Social media use has climbed exponentially and is everywhere in our lives. Facebook now has over 1.7 billion users, Instagram has 500 million filter-loving users and Twitter's 313 million users tweet 500 million tweets over the course of a year. That's a lot of cat memes being shared every day around the world.
Now, I like social media. I like the fact that I can keep in contact with friends around the world. In fact, social media has so many roles to play that can be incredibly positive. Social media can be used for social causes, spreading information, connecting people all over the world.
My own social media use has introduced me to colleagues around the world, some of whom I have met and even become friends with. As part of #ILookLikeASurgeon I have met more female surgeons from all over the world, many more than I have met in my whole career. Connections I've made there have provided me with so many opportunities that otherwise wouldn't have come up.
Social media has some very important downsides, though. Social media can be used for nefarious purposes including bullying, trolling and to commit crimes, including horrific things such as assaults. Aside from these more serious problems, social media can worsen anxiety in susceptible people, can worsen our ability to have face-to-face social interactions and can expose us to unrealistic expectations from picture-perfect feeds. It can also have a negative impact on our relationships and is an incredible time sink.
Anyway, this weekend I decided to have some time away from Facebook specifically. I just had this sudden urge to disconnect for a while.
You see, 2016 has been what you might call a pretty turbulent year. Or I could be actually honest and say that it has been absolutely bloody awful. Now, this is not the fault of social media, nor of the people who use it. But I was beginning to notice a few things that made me think a break just might be in order.
The major thing for me was that every single time I logged on to Facebook, I was confronted with the cultivated life moments that we all share. The family photos, the weddings, the graduations and the holidays. All pictures of shiny, happy people living life to the fullest. My world at the moment is filled with upheaval, so seeing other people living a life that seems to be what I currently cannot achieve is painful.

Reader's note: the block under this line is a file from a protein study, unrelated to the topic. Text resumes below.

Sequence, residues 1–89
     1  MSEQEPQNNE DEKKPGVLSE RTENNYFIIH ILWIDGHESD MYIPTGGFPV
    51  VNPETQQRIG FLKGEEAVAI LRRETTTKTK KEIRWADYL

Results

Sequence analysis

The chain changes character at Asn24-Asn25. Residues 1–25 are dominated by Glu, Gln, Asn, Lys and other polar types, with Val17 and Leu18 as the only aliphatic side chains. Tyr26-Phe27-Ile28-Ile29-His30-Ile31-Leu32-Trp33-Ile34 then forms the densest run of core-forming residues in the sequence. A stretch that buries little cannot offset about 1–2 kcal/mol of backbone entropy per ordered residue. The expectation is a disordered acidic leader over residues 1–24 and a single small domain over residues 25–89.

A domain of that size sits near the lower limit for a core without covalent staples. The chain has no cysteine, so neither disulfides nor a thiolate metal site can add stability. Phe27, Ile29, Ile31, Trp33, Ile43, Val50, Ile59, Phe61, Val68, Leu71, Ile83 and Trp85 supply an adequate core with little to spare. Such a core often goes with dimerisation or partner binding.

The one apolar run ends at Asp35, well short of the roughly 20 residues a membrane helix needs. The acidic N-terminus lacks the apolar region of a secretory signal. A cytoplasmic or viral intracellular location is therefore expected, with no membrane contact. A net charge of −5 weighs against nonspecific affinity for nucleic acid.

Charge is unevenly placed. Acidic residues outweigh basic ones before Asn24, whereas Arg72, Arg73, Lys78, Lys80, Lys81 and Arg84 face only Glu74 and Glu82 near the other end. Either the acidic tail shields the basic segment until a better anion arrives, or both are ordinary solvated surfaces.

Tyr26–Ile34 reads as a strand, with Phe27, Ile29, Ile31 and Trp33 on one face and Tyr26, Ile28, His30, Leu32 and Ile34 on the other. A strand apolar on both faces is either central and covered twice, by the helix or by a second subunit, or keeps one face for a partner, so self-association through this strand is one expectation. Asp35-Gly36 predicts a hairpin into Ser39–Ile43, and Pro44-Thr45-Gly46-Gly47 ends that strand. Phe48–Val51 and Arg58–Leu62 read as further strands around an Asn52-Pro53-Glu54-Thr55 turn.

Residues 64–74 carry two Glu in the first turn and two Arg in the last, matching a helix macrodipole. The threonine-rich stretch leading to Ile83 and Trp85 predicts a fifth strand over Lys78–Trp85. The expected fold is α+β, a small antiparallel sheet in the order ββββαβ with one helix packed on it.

Recently there was one of these Facebook challenges -- the '7 Day Love Your Spouse Challenge' --where you post pictures for the week of you and your spouse. Like most things, the internet was divided, but one thing was for sure: not everyone thought this was a good idea. In fact, a number of people pointed out how damaging that might be for, say, someone who is going through relationship troubles. The glamorous, loved-up view might actually make those of us who aren't living a fairytale feel pretty awful and reluctant to reach out. Not to mention, everyone knows that relationships are hard work and consist not just of happy snaps but boring, old, buying-toilet-paper life.
The other reason is that I was beginning to notice how much manufacturing goes on for social media. I mean we've all done it to some degree, added a filter, shared only the good points, hidden the bad stuff. But I was beginning to realise how damaging this is.
We're all trying to make it look like we have this adult thing down pat and we're beautiful and successful with no visible pores. It's not real. And it's exhausting to keep up with.
So I logged off. My public, work purposed account still runs but all my personal stuff is temporarily off.
What's been interesting is the number of people who have said to me that they've done it before and it was awesome or that they want to.
It seems like we've all got some social media fatigue. So far, I'm kind of enjoying the freedom it gives me, which sounds incredibly odd but that's how this feels. Freeing. Taking back some of the inauthentic life I have online and turning it into authentic life in the real world.
I am so looking forward to my holiday. I'm looking forward to some time of mindfulness about what I really do with my day, not just mindlessly scrolling through Facebook when I'm waiting in line. I'm looking forward to doing things for enjoyment, not just to share them with everyone for the accolades.
In this hyper-connected, always-on world we now live in, it's great to step back and just be you and not the shiny, filtered you or the keeping-up-with-everyone-else's-life you. Put aside your fear of missing out and see what happens when you look up from your phone. I bet it's actually pretty good and I can't wait to see more.Suggest a correction